President George W. Bush is in Europe trying to craft a transatlantic relationship of legacy quality. Still, his domestic legacy also needs attention. Indeed, if Mr Bush does not act fast, he will be too late to stop damage to the single most important element of that legacy: a relatively competitive US economy.
A single phrase - "good ideas" - created the problem. The president is leading the charge to reform and privatise Social Security, the US pension plan. Like the tax cuts that came earlier, these are both measures that would strengthen his economic legacy. After all, with a solvent pension system and dropping tax rates, the latter a "W" trademark, the US would be better positioned than most developed nations to handle growing challenges from developing ones (read, China). Things were looking especially good in midweek, when Alan Greenspan, the Federal Reserve Board chairman, blessed the main components of the Bush plan. Looking good, that is, until Mr Bush allowed that he might consider raising pension taxes on higher earners to fund his changes, among other "good ideas".
Currently, each worker pays 6.2 per cent of wages in social security taxes; his employer pays another 6.2 per cent. But that total 12.4 per cent tax applies to only the first $90,000 of income. Mr Bush suggested to the New Haven Register that he would be open to removing that $90,000 cap so that all the income of higher earners would be subject to this payroll tax. He may have elaborated on his thoughts the next day, but no one heard him. The roars of rage from the Republican base drowned out all conversation.
Mr Bush's concession is being played as a political story and it certainly is one. His friends say he moved for tactical reasons, merely to woo Democrats - whose support is necessary - to the table. Nonetheless, tax-cutting is to Republicans what tourism is to the Caribbean: without it they lose their focus. Every Republican party official recalls the moment when George H.W. Bush, the president's father, first hinted that he would betray repeated pledges not to increase taxes. In a similar moment of fiscal tension - the 1990 budget negotiations - Mr Bush senior let drop the thought that he might allow "tax revenue increases" to narrow a deficit.
He went on to tarnish not only his legacy but Ronald Reagan's as well by raising rates and undoing the historic tax reform of 1986. The salient feature of the Bush change was an increase in the progressiveness of the rate structure. Mr Bush senior and his advisers wagered that by taking this action in 1990 they might be able to recover by 1992. But not even the Gulf War victory of 1991 nor German reunification could save him.
The most avid student of that bitter experience was the current President Bush, who went on to campaign as a tax cutter. Now he is also mooting an increase in progressiveness. The Republican blogosphere is already trying out the narrative. If Mr Bush repeats his father's error, the pair will go down in history as the two book-ends to an era of Republican fiscal hypocrisy. The symmetry is so neat as to terrify. Screen rights, anyone?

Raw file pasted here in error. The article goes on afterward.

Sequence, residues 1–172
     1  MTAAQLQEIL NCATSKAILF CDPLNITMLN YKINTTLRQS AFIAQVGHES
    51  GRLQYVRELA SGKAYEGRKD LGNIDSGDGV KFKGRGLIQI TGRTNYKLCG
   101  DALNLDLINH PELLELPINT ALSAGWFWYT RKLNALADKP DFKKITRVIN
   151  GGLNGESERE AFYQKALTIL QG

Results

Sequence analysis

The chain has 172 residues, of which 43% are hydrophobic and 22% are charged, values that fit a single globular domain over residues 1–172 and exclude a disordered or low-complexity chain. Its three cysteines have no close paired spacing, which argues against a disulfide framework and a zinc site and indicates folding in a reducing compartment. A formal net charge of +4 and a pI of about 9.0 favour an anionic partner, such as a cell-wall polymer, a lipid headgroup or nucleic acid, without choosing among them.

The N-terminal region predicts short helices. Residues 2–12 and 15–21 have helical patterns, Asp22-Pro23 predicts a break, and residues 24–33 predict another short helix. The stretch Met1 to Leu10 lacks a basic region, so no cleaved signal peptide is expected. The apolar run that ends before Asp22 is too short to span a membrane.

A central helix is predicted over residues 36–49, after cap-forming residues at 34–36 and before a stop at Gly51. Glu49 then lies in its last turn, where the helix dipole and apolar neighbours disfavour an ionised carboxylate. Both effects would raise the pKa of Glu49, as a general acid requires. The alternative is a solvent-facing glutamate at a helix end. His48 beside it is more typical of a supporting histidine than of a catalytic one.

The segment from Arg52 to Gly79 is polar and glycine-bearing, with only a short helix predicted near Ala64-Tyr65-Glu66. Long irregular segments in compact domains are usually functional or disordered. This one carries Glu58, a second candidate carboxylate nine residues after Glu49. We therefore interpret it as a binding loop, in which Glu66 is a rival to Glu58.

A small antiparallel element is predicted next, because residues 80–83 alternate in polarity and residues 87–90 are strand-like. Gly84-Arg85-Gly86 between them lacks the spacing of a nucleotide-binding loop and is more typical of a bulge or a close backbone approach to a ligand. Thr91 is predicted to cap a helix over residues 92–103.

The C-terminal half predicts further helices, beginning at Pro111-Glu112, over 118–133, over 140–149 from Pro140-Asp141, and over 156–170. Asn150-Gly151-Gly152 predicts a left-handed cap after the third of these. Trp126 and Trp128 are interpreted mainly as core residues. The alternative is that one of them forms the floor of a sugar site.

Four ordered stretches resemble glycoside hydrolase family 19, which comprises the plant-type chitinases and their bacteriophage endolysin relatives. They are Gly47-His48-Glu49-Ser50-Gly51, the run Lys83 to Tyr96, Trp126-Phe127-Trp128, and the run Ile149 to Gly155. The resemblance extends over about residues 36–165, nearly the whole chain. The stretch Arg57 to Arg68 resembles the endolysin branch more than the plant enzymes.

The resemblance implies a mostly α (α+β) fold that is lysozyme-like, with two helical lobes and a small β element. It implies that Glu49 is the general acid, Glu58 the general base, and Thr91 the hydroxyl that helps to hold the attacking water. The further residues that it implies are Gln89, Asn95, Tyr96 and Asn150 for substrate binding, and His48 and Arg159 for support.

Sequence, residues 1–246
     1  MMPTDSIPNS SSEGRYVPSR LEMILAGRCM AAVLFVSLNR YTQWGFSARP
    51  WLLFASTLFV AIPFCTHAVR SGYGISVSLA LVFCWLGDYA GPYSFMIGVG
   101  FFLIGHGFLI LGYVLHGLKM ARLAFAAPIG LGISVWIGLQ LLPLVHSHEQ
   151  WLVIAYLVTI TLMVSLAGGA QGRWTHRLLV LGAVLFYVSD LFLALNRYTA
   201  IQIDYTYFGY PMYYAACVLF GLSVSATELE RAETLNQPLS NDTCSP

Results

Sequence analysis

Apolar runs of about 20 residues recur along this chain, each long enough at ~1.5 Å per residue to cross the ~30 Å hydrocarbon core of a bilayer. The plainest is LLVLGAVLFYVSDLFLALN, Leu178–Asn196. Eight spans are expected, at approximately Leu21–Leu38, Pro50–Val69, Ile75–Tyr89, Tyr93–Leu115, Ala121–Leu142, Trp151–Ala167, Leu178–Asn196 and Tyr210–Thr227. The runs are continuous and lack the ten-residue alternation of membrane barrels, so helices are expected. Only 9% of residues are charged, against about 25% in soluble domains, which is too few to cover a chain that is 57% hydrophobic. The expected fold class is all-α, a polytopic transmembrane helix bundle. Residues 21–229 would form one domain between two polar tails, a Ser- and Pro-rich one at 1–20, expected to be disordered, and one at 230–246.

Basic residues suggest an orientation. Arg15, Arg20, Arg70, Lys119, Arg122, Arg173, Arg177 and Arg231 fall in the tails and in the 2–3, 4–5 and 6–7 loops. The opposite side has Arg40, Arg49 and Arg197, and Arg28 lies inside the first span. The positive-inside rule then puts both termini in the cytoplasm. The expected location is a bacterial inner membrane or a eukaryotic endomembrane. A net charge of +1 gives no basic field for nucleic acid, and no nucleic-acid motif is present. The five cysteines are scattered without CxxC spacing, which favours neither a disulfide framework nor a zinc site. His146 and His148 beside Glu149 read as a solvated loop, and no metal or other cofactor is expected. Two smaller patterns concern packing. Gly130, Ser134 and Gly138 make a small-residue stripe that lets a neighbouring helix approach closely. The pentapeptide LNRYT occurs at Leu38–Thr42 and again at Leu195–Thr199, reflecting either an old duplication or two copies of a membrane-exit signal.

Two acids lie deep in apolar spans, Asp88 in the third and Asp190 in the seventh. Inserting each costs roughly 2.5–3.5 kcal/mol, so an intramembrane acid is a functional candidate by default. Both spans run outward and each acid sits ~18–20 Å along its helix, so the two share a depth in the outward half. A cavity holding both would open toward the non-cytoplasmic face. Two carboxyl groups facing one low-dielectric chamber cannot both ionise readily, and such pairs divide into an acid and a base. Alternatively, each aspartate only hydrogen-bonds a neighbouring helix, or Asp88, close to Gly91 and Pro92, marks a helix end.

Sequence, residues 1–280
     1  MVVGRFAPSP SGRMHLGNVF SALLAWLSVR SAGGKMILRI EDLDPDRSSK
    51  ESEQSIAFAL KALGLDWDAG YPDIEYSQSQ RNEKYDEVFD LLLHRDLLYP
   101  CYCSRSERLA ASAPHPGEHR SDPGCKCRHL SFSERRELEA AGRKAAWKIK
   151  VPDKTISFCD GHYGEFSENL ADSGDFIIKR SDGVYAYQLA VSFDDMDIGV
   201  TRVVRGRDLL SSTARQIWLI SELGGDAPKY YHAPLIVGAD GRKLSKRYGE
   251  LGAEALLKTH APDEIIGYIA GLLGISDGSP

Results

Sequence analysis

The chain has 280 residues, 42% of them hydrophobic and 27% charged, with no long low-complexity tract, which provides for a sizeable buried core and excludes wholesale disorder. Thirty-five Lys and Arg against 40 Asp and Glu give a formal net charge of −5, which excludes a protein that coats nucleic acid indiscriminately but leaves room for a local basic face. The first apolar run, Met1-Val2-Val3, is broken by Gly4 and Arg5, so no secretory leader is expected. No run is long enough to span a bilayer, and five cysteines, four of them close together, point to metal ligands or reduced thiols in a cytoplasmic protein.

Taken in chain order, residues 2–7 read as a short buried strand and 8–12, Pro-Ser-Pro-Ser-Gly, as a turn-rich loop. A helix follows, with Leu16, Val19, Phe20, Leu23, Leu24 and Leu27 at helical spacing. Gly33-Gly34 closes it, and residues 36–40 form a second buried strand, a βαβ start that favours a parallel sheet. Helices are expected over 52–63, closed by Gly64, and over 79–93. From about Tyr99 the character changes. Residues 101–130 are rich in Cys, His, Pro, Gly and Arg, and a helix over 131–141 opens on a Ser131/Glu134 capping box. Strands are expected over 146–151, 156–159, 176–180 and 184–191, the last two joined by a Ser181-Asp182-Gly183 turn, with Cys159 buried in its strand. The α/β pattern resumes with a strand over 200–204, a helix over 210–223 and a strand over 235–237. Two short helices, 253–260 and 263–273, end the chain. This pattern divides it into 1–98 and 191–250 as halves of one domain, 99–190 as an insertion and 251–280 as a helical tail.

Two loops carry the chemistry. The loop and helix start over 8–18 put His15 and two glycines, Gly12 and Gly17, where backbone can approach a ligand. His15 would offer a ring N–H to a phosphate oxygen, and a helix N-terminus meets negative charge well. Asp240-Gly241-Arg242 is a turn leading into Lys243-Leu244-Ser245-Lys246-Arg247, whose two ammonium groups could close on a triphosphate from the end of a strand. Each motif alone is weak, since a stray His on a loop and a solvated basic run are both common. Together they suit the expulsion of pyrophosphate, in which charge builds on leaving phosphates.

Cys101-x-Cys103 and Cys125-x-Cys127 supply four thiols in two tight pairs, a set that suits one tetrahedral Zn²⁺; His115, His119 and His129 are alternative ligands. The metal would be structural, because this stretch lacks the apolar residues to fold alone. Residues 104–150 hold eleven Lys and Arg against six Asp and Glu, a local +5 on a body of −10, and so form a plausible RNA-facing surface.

But the political drama obscures something more important - the economic consequences of cap lifting. It is possible, as even Charles Grassley, the Republican chairman of the Senate Finance Committee, is saying, that lifting the cap makes sense. After all, the federal budget is in trouble, with alarming numbers, just as in 1990. In a static and nominal sense, capturing more of the revenue from higher earners would do something for balance sheets.
Still, such calculations omit what the payroll tax increase would mean to the culture of entrepreneurship. Fewer than one in ten workers earns enough to be affected by a lifting of the cap. But many of those earners are job creators - lawyers, doctors and, most importantly, small businesses. The potential tax increase for these productive earners is enormous.
Last year, a couple earning $90,000 faced a marginal income tax rate of 25 per cent. If all of their wages (including the employer side) beyond the $90,000 mark were also subject to the payroll tax of 12.4 per cent, that would represent a significant increase in the household marginal tax rate. Since income tax rates are higher for higher earners, some households could see a tax rate approaching the 50 per cent line.
But of course they will not go quite that far, comes the standard rebuttal. The cap will not be lifted, it will merely be adjusted upward to cover, say, the first $200,000 in income. Or it will only be lifted on one marriage partner. And so on.
These arguments, however, miss a crucial point. National economies are just like markets: change matters on the margin, and one change begets similar changes. To lift the cap once is probably to lift it again. And to give in on this one tax is to open the door to raising other taxes - that, at least, was what happened to Mr Bush senior.
What is more, increasing such an important tax on labour signals that the US is open to heading in the European direction. This at a time when the only chance of sustaining US growth rates is for the country to become more like Asia. Mr Bush should cough twice, clarify and apologise. Apologies hurt, but even a thousand are worth it when it comes to preserving such a strong legacy as this one.
© Copyright 2005 Financial Times
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